If the Tri-Cities seemed a little quieter this week, it’s likely because 11 pipers and drummers left the region.
Tri-City musicians Mackenzie Webster, Richard Gillies, Danielle Millar, Lauren Tietze, Alistair Lee, Allison Anderson, Andrew Lee, Reid Maxwell and Stephen Paynter will face one other Canadian band — the 78th Fraser Highlanders — plus 13 ensembles from Britain, Ireland and New Zealand for the highly anticipated Grade 1 events.
Band manager Robert MacNeil, a Coquitlam resident, said SFUPB “has been working quite hard this year” and he’s confident the players are on solid ground as they head into the competitions. Last year and in 2017, SFUPB placed fifth overall; it last won the worlds in 2009, its sixth world title.
Still, the new format for Grade 1 bands this year will be interesting, MacNeil said, with the championships spread over two days.
Because there are fewer Grade 1 bands playing, the 15 groups perform both of their MSRs (March, Strathsprey and a Reel) and medleys on different days. That means all Grade 1 bands have two separate MSRs and medleys, and are able to choose which one they play on Friday and then must play the alternate set on Saturday.
“The four performances all factor into the overall results,” MacNeil said.
While that structure may create some topsy-turvy scores, “I think everybody realizes it’s serious business over there but there’s also social enjoyment,” he said. “We play well but, ultimately, the decision is in the hands of 16 judges.”
Last year’s competition was won by Field Marshal Montgomery Pipe Band of Northern Ireland. More than 30,000 people attended the events to see the Grade 1 to Novice Juvenile B musicians and dancers, of whom 40% were under the age of 25.
Two months after the Dowco Triumph Street Pipe Band announced it would stop competing due to the end of its 10-year sponsorship by the Dowco Group of Companies, its Port Coquitlam leaders joined another Grade 1 ensemble — 7,000 km away.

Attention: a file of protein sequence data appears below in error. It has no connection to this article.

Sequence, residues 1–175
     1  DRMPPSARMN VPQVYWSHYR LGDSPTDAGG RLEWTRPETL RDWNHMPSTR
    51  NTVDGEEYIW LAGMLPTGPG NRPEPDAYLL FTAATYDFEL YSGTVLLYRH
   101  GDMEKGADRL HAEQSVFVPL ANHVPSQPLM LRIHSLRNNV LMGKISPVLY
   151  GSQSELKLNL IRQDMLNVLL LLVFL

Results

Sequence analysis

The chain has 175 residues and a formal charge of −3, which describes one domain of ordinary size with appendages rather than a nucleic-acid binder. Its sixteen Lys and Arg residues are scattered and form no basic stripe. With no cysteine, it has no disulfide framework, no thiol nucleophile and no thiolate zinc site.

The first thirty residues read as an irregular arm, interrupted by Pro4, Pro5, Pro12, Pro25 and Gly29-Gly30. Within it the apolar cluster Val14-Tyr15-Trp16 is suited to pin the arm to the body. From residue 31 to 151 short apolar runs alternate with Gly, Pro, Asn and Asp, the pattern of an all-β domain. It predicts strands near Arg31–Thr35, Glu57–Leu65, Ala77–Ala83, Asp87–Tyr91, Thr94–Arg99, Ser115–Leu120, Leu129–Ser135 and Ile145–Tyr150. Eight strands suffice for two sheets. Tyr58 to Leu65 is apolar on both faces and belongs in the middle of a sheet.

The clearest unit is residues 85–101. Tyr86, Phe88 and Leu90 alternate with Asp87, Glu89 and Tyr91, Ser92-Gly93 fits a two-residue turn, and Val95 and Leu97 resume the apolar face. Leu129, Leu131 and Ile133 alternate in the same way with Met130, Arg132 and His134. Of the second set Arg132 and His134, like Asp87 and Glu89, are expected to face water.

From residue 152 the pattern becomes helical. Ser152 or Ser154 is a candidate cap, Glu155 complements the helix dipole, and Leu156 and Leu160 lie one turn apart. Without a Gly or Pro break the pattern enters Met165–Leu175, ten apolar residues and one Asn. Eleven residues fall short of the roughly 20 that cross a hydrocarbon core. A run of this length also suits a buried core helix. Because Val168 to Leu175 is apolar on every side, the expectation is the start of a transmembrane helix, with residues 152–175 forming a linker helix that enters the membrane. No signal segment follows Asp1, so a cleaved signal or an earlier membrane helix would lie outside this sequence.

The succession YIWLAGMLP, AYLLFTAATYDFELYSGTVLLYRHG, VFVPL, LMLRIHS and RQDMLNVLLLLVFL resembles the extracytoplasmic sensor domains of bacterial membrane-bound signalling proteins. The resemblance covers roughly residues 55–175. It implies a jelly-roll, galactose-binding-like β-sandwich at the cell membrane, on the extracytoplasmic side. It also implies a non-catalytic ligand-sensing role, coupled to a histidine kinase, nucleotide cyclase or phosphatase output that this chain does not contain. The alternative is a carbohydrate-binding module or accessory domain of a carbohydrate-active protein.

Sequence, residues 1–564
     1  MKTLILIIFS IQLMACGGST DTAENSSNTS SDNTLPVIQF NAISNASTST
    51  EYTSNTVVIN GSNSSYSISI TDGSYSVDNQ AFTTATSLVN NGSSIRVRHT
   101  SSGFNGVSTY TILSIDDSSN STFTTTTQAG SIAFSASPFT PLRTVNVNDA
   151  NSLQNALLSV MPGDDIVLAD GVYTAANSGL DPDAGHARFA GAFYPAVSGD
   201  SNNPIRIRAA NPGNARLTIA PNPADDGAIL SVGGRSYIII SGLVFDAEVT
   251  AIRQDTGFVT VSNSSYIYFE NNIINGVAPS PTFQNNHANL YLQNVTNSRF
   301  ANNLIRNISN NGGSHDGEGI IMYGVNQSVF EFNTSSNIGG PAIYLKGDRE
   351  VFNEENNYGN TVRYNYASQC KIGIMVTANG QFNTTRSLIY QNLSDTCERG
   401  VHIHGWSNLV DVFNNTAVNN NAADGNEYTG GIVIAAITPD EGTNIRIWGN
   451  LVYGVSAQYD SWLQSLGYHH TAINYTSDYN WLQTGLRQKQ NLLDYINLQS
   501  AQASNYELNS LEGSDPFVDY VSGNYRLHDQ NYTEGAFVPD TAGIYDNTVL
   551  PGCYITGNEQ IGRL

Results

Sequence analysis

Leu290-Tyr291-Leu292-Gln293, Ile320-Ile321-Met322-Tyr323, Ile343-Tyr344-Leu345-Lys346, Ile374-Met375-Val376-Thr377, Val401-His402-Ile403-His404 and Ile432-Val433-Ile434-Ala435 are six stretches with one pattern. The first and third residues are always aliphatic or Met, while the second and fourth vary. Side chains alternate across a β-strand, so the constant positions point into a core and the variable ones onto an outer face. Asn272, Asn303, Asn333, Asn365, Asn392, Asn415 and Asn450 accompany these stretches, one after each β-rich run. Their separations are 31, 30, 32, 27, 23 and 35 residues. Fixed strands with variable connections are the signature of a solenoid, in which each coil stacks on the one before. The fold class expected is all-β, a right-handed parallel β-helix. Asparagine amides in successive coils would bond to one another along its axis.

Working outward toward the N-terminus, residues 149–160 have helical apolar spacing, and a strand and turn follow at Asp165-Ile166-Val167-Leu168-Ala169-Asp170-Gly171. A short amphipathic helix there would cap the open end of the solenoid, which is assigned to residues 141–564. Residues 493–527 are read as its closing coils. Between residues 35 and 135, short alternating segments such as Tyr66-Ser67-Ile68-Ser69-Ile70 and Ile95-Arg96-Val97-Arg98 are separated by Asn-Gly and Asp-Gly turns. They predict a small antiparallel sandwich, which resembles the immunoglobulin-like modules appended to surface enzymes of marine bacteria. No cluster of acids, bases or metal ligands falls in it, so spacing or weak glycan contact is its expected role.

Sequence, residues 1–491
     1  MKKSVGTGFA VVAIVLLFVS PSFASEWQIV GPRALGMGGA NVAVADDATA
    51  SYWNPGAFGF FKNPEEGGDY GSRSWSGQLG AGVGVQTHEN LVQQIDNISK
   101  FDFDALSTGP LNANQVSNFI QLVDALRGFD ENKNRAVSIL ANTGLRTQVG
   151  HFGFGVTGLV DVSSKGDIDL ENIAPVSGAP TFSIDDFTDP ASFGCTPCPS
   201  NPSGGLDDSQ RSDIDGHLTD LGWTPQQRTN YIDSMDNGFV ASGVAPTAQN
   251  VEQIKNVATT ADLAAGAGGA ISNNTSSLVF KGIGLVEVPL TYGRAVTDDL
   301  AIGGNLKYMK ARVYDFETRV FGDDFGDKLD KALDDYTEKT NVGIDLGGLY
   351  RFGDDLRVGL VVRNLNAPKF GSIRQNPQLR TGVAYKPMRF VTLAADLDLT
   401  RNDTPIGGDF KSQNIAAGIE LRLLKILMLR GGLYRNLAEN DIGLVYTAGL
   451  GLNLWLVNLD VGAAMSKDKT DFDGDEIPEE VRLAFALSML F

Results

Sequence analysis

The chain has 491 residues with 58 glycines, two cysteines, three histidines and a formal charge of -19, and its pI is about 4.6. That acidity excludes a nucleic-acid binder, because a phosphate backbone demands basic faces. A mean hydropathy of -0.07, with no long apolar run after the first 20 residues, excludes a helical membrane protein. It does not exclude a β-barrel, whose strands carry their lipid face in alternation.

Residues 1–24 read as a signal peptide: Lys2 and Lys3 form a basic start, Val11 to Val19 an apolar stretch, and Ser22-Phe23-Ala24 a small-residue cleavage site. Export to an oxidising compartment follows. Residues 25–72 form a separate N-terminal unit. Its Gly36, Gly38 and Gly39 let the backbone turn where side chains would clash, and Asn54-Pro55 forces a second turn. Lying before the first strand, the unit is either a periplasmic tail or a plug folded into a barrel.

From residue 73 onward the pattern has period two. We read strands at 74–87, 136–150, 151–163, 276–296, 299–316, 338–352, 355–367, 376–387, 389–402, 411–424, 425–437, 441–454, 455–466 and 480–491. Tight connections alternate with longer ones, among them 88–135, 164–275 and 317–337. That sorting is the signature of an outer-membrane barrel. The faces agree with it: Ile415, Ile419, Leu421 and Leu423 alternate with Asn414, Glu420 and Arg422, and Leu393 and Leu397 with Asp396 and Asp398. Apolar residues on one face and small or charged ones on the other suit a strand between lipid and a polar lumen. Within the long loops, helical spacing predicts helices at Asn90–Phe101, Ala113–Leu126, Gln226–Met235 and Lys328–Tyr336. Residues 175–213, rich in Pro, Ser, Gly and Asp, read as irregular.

Dowco pipe-major David Hilder and his wife, Shaunna Hilder, signed up last November to play with the Glasgow-based ScottishPower Pipe Band, a group that took third place at the worlds at Glasgow Green in 2013 and second spot in 2012 — just ahead of the Simon Fraser University Pipe Band.
The 26-year PoCo residents said they made the switch after talking with ScottishPower’s Pipe-Major Chris Armstrong.
“Chris is a superb musicians and composer [and he] has a leadership style that very much aligns with our principles,” David Hilder wrote to The Tri-City News in an email from Scotland last week.
Wednesday, ScottishPower play at the pre-world championships concert at the Royal Concert Hall in Glasgow. The show at the famed venue follows four championships this season, which saw wins in piping at the British championships and the drumming sash at the Scottish championships; ScottishPower also placed second overall twice and fourth overall twice as a band.
“The band is going very well and we are looking forward to a great worlds,” David Hilder wrote.
The demise of the Triumph Street band means less local competition and only five active Grade 1 bands in North America: SFU; 78th Fraser Highlanders; 78th Highlanders (Halifax Citadel); Toronto Police; and City of Dunedin, Florida.
According to its website, Dowco had success in the 1970s and ’80s but, by the late ’80s, it slipped by a few grades. It returned to a Grade 1 level in 2007 after David Hilder and some of SFU’s Grade 2 Robert Malcolm Memorial band members joined Dowco and won the North American Championships.
But, unlike SFU, Dowco never cracked the Top 3 at the worlds in Glasgow.
Although its sponsorship from the Canadian structural steel consulting organization over, Dowco players are continuing in other Grade 1 bands in Canada and Scotland, Shaunna Hilder said, and some have taken leadership posts in lower grades as well.
“We are proud of all the Dowco players and their accomplishments,” she said.